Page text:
In the past decade alone, Oman provided a venue for secret talks between Tehran and Washington ahead of the 2015 nuclear deal, welcomed Israel’s prime minister amid a rapprochement between Gulf leaders and the Jewish state and refused to join a military intervention in Yemen as well as the embargo imposed on Qatar since 2017.

End of the Qaboos era

However, current economic realities could lead to “a more pragmatic foreign policy” and bring the Sultanate closer to its Arab neighbors, Houchang Hassan-Yari, head of the department of political science at Sultan Qaboos University, told Al-Monitor. 

Bloomberg revealed in a June 11 report that the erosion of Oman’s fiscal situation was discussed during high-level political meetings attended by Gulf officials. “Nothing has been decided” but Oman could seek financial assistance from its neighbors, the report stated.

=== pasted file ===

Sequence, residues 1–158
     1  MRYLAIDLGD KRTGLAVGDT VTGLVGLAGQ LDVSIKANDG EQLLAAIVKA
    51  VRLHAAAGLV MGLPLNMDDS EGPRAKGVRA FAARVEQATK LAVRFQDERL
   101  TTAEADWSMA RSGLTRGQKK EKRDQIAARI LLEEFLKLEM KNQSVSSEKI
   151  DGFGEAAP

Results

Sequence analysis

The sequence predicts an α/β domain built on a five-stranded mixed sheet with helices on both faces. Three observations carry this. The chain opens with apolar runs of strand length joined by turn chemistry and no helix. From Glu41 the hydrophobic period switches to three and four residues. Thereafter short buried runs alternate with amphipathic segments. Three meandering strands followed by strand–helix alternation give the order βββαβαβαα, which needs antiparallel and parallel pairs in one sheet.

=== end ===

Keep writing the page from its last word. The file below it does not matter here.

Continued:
“We might see a kind of refreshment with countries like the United Arab Emirates, Saudi Arabia and so forth,” said Hassan-Yari, adding that Oman is likely to play “a more active role” in the Gulf crisis between Qatar and its Arab neighbors.

“But it should not be interpreted as a completed departure from the past. … Oman has to maintain a professional relationship with the Iranian government,” Hassan-Yari said. The two countries share the Strait of Hormuz, the world's busiest oil waterway.

For more than two decades as foreign minister, bin Abdullah had patiently shaped Qaboos’ foreign policy, turning Oman into an internationally trusted mediator. The departure of the long-serving diplomat marks the end of Qaboos’ era and leaves the Gulf country challenged with achieving an administrative renaissance.